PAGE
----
The Fabula typeface

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The Fabula typeface was originally designed as a screen font as part of a project that produced software to enable children and teachers to produce bilingual story books. Since then, changes have been made to its design and it is now, additionally, a font suitable for titling and text setting in large sizes.

Fabula was designed by a team led by Sue Walker: Conrad Taylor, Vincent Connare, Gerry Leonidas and José Scaglione. It has been used in a series of tests designed to find out what children in year 2 think about typefaces in the books they read. They descibed Fabula as 'clear, so you can see it properly'; 'normal'; 'like an ordinary book'.

 Stylistic qualities

Fabula has a number of characteristics that the project team held to be important for children’s reading:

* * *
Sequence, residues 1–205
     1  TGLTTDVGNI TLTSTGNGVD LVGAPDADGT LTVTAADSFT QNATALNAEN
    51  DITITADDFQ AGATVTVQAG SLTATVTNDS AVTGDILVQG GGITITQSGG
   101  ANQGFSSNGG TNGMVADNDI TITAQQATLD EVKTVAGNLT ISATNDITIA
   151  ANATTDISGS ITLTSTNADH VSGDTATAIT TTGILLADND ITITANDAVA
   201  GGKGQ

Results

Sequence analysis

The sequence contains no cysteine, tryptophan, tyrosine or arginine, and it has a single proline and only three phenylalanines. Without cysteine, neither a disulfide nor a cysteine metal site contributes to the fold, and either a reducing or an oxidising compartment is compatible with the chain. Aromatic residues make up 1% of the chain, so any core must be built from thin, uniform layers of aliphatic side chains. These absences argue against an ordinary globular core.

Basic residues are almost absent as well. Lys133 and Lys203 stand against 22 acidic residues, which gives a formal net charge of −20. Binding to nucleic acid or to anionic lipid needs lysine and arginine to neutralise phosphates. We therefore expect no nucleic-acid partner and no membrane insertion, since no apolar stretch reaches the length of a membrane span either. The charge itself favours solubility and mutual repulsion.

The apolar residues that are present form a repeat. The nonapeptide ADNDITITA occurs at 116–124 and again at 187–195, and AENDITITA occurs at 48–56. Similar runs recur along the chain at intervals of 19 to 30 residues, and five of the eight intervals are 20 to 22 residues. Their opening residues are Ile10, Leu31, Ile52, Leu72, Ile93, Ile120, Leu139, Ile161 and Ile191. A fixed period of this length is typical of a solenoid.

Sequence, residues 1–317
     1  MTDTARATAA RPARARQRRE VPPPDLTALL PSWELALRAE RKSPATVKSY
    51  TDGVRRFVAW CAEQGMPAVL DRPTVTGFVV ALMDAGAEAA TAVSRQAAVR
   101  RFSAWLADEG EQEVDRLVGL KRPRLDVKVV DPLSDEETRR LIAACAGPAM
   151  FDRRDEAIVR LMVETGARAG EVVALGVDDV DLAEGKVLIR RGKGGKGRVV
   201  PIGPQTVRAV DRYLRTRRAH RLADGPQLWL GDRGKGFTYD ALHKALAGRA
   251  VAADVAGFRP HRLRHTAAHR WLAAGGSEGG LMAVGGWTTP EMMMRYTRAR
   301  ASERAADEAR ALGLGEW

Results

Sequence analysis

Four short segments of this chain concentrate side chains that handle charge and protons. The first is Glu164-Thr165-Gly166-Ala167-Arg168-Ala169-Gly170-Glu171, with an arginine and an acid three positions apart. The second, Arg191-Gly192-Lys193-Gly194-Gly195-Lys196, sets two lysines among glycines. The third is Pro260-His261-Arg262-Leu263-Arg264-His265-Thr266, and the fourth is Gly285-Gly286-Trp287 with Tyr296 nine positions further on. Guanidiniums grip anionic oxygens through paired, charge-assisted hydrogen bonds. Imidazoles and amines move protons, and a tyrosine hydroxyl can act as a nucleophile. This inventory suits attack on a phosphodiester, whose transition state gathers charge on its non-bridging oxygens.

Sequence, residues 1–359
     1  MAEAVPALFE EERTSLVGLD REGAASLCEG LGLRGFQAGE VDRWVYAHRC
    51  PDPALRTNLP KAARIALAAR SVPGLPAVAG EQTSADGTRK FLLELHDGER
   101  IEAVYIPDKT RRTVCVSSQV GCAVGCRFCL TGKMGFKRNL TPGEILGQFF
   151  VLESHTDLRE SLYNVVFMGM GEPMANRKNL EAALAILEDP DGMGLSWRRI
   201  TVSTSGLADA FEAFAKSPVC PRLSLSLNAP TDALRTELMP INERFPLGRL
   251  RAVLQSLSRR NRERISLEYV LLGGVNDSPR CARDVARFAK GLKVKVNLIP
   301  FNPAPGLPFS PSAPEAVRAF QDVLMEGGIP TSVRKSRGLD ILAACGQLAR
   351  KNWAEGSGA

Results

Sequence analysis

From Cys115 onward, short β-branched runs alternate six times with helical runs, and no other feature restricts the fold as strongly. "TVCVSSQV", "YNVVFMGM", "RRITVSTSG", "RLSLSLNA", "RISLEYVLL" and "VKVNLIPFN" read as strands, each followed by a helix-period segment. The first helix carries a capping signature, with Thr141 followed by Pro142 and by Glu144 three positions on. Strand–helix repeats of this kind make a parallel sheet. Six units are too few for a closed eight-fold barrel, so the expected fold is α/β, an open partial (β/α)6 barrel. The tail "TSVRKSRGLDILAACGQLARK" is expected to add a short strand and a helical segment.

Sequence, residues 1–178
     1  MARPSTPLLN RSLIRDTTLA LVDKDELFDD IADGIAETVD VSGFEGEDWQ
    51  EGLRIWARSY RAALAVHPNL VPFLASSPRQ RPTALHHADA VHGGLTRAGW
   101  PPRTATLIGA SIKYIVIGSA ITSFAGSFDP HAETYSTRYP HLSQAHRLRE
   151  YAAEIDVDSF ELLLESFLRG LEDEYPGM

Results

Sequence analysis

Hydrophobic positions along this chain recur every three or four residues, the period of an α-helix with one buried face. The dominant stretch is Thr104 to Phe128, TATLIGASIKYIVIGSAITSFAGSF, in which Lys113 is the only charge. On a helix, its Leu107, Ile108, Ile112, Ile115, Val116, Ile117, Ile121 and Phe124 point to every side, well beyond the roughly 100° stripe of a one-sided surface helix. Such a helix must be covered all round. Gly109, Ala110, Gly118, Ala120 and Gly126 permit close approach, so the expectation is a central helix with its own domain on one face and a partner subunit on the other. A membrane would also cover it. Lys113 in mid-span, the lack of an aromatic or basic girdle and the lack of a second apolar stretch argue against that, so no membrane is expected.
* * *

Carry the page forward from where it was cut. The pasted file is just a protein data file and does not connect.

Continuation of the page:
• – long ascenders and descenders to help identify the word shape
  • – an informal ‘feel’
  • – rounded stroke ends
  • – a rounded ‘e’
  • – a clear distinction between characters that might be easily confused, such as ‘a’ and  ‘o’, and small letter ‘l’, capital ‘i’ and figure one.

 A particular feature of the first iteration of Fabula was that it has a double storey ‘a’ as standard to make as much difference as possible between characters that children sometimes confuse, such as ‘o’ and ‘a’. Our work has suggested that children may not necessarily find non-infant characters (in particular double storey a’s and g’s) problematic. Most children in our study were well aware that there were different forms of a and g, and some even made the point that a is what we write and a is what we read. It was also the case, however, that some children perceived than ‘a’ and ‘g’ as ‘harder’ ‘a’ and ‘g’, and while this did not appear to affect their ability to read, it may have some impact on their motivation.

Original version of FabulaOriginal version of Fabula









A second version of Fabula, with single-storey a, was designed at the request of the publisher, Collins, for a children's dictionary series.

Fabula 2Fabula 2















If you would like a copy of Fabula do email us (  Please tell us how you use it so that we can link to your work